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Mexico Travel - Monte Alban and Milta

[Tlaxcala, Texcoc, Jalapa, Tehuacan]  [Morelia, Patzcuaro, and Uruapan]  [Guadalajara]  [Lake Chapala]  [Guanajuato, Queretaro, San Luis Potosi]  [Guaymas, Culiacan, Mazatlan, and Tepic]  [Taxco and Cuernavaca]  [Taxco to Acapulco]  [OAXACA]  [Monte Alban and Milta]  [Progreso, Merida, Uxmal, and Chichen-Itza]  [Tehuantepec and Salina Cruz]  [Some More Places to Visit if You Have Time]  [More Mexico Travel Tips] 

( Originally Published 1939 - Presented For Historical Purpose )

THE ARCHAEOLOGICAL ZONE OF MONTE ALBAN LIES largely on a hill of that name about seven miles southwest of Oaxaca. If it is possible, you should schedule your sightseeing for Monte Alban so that you will arrive there fairly late in the afternoon in time to see the sunset from the top of the hill or on the way back. It is a rare sight.

Monte Alban

The ARCHAEOLOGICAL ZONE OF MONTE ALBAN IS SO immense that up to the present time they have barely scratched its surface. So far, only a few buildings have been excavated, but these are so remarkable that it is quite plain that Monte Alban eventually is destined to be one of the most interesting ruins in Mexico. A conservative estimate of the age of the ruins is 900 to 1,000 years, but when you get there, you will find yourself interested, not so much in the age, as in the beauty and symmetry of the buildings that have been excavated in the old town which crowned the hill.

These old Zapotecan and Mixtecan Indians evidently had an extremely advanced civilization. The buildings which have been excavated seem to have formed a kind of forum or acropolis around which the town was grouped. Oaxaca is just about at the point where the two mountain backbones of North America meet, and as far as the eye can reach in every direction, you look out over a mass of jumbled peaks of unexcelled grandeur.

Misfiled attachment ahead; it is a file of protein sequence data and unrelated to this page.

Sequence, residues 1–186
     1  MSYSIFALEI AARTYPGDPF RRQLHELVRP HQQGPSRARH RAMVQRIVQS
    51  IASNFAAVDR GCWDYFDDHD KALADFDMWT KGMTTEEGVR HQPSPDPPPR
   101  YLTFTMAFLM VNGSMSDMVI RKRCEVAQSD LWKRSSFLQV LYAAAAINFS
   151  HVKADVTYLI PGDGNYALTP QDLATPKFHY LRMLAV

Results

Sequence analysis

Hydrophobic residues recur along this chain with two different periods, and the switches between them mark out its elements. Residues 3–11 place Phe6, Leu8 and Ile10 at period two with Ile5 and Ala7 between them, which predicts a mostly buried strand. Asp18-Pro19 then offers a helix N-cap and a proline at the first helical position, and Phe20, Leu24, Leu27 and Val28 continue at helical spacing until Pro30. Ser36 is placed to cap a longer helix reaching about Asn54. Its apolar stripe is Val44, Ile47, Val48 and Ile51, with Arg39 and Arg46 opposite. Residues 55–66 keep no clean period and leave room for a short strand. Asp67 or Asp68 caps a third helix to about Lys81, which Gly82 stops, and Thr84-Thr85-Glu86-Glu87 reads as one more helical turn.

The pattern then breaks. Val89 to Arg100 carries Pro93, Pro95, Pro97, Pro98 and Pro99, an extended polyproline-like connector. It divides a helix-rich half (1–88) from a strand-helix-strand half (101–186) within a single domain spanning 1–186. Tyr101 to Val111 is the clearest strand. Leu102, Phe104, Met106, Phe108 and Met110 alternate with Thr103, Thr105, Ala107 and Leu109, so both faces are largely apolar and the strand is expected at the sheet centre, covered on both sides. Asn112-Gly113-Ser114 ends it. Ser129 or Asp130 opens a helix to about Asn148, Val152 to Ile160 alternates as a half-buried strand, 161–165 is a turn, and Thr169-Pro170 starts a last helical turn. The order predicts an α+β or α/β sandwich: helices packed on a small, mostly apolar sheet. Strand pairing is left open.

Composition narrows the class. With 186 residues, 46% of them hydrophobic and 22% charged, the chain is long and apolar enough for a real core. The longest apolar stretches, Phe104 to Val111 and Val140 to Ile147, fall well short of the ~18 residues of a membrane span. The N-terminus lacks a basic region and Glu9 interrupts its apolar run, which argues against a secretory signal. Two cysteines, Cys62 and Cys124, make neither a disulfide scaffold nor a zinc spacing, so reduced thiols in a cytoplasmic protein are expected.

The most important building consists of a platform about 80 feet high which encloses a large court. A flight of stairs approximately 150 feet wide leads up to the top of this platform. The large stones which form the base of the platform and are around the bottom of the structure are elaborately carved and have been called the Dancing People on account of their attitudes, although it has been claimed recently by archaeological investigators that these stones have undoubtedly a phallic significance. It is remarkable that they are so negroid in character, because there is no record of any Negro tribe inhabiting Mexico except for one faint legend in far-off Yucatan telling of a wicked black people. The age of the carvings is estimated at 3,000 years, and although the Mixtecan civilization seems to have reached its height about 1,000 years ago, some archaeologists estimate the ruins to be from 1,500 to 2,00o years old.

Near Monte Alban is an interesting village. At QUILArAN there is a huge unfinished Dominican convent and the grave of the Zapotecan princess Donaji.

The Zapotecs and the Mixtecs were fighting long before the Conquest and at the time of the Conquest were engaged in one of their more serious wars. Princess Donaji had been given to the MiYtec king of Monte Alban as a hostage. She made the grave mistake of falling deeply in love with him, and he with her. When the Mixtec king left Monte Alban, her duty required that she get word to her people, the Zapotecs, and tell them that this would be a good time to attack the city of Monte Alban. Duty triumphed over love, and while the Mixtec king was away, the Zapotecs made their attack, but the Mixtec king came back in time to stop the siege and save the town, and Donaji's crime was discovered. She was put to death, and her blood flowing from the sacrificial stone turned the nearby lilies of the neighborhood purple. The lilies are purple to this day in her memory.

The Mitla Trip

At the moment the Mitla ruins are perhaps more interesting than those of Monte Alban, for more excavation work has been done there, and the ruins are the most elaborate in Mexico in point of decoration. They lie about 26 miles southeast of Oaxaca, and the best way to reach them is by automobile, taking in the various towns on the way.